When Home Is No Sanctuary

Ellen Page and Evan Rachel Wood in Patricia Rozema’s “Into the Forest,” adapted from a novel by Jean Hegland. | A24

Ellen Page and Evan Rachel Wood in Patricia Rozema’s “Into the Forest,” adapted from a novel by Jean Hegland. | A24

Lesbian writer and director Patricia Rozema’s “Into the Forest” is an intense apocalyptic drama adapted from Jean Hegland’s celebrated novel. In the near future, two sisters, Nell (Ellen Page) and Eva (Evan Rachel Wood), are forced to survive during a lengthy power outage while holed up in their family home in the woods.

The film is an atmospheric feminist drama, “a realistic tale and a fable,” the director said in a recent phone interview, duly noting the contradiction inherent in that statement.

Rozema rose to prominence with her quirky comedy “I Heard the Mermaids Singing,” helmed the lesbian classic “When Night is Falling,” and directed the excellent adaptation of Jane Austen’ “Mansfield Park.” She emphasizes women coming into their own in her films, but she insisted, “I’m not that interested in empowerment. I feel it’s a bit of a 101 approach to character. Fiction is more about connection than empowerment.”

Patricia Rozema’s “Into the Forest” stars Ellen Page and Evan Rachel Wood

“Into the Forest” shows how the young women eke out their lives on their own terms. Situations, from conserving gas and food and the slow collapse of their house to various encounters with men, test their resilience.

Rozema spoke with Gay City News about her potent sci-fi survivalist film.

GARY M. KRAMER: What appealed to you about this novel that made you want to adapt it? It’s a new genre for you.

PATRICIA ROZEMA: I was attracted to it because it was so different. I need to keep myself awake and alive. Control of tone is one of the most exciting parts of the craft of filmmaking. My goal was to have familiar comfort and warmth and ease, and then take you into a bleak place. The point of the film is: What is it saying? Why am I telling this story now? The genre was exciting — to play with that level of suspense [and] make it raw and elegant at the same time. The point was to tell a cautionary tale, a warning of how close we are to the brink and what are we relying on — each other. And a bit of a fantasy. I like what the book said, and how it said it. I selected the second half of the novel. How the world fell apart wasn’t as interesting to me.

GMK: There is a line in the film that “crisis reveals character.” How do you think you would cope in a similar no power situation?

PR: I had not thought about that at all! I was in a café recently, and a car ran into the front window, inches away from where I was. My first reaction — and I was proud of this — was that I ran around to make sure everyone was okay. I then found the driver and recorded the driver. So I would record things with my phone until it died, and then write it all down. My lot in life is to make a record. We have romantic relationships with our phones. They would be less than useless very quickly.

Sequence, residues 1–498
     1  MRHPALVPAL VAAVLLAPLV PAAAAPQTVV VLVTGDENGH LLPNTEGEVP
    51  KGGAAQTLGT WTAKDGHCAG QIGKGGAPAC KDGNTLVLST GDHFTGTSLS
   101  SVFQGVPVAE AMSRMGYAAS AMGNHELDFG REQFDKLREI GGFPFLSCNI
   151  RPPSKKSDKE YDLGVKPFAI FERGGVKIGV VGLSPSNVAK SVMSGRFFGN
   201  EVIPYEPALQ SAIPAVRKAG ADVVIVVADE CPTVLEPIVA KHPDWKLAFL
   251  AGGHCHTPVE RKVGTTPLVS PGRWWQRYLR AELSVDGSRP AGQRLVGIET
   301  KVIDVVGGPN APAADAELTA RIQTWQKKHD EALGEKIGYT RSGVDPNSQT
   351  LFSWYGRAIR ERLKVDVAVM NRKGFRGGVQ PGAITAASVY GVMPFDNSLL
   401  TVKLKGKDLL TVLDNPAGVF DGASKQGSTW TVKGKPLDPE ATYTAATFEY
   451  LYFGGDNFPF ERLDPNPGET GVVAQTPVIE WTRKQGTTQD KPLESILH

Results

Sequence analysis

GMK: Nell is a practical, headstrong young woman, whereas Eva is ruled by her heart. Can you talk about the dynamic between these two characters and about working with Page and Wood on their characters?

PR: Evan is by nature very verbal and social and very expressive, but her character was mostly speaking through her body. Through the course of the film that evolves a bit, and it’s interesting how she switches. I thought of them as heart and head. Nell is rational. Eva is annoying at times the way siblings can be with one another. We presented them as entitled and childish kids from a refined family. The actresses are similar in character — they are both strong women — and it was thrilling to direct them.

GMK: The house and the forest function as both symbols and characters. Can you talk about the metaphors in “Into the Forest?”

PR: The house is standing in for civilization — beautiful and refined construction, but it’s crumbling quickly. There is reason to believe it is a danger; the same way that we are choking ourselves to death on this planet. What we call civilization is doing damage to our host. That’s the big broad theory. The natural world is a haven, but it’s not completely safe. I did not want a nature equals good, civilization equals bad dialectic. It’s not that simple. Nature is full of danger, too. It’s without moral comment.

GMK: The film has a theme about safety, not just a safe space, but also emotional security. What are your thoughts on safety?

PR: I am a little bit insane in that I kind of believe I’m going to be fine no matter what. I don’t have much fear. People are afraid to walk with me because I walk into traffic. I’m not a good example for the need for physical safety. Emotional safety, though — once someone lies to me, I can’t invest in them.

GMK: I understand there was a sex scene between the sisters that was cut from the film. What decisions were made to film it but cut it?

PR: In the book there is a sex scene between the two girls, and we did shoot it. We realized if we took it out, nothing changed. So isn’t that the definition of gratuitous? The idea behind it was when society breaks down, all the taboos disintegrate. It was a beautiful scene — loving and hot — but the fact that they were sisters took any kind of joy out of it.

INTO THE FOREST | Directed by Patricia Rozema | A24 | Opens Jul. 29 | Cinema Village, 22 E. 12th St. | cinemavillage.com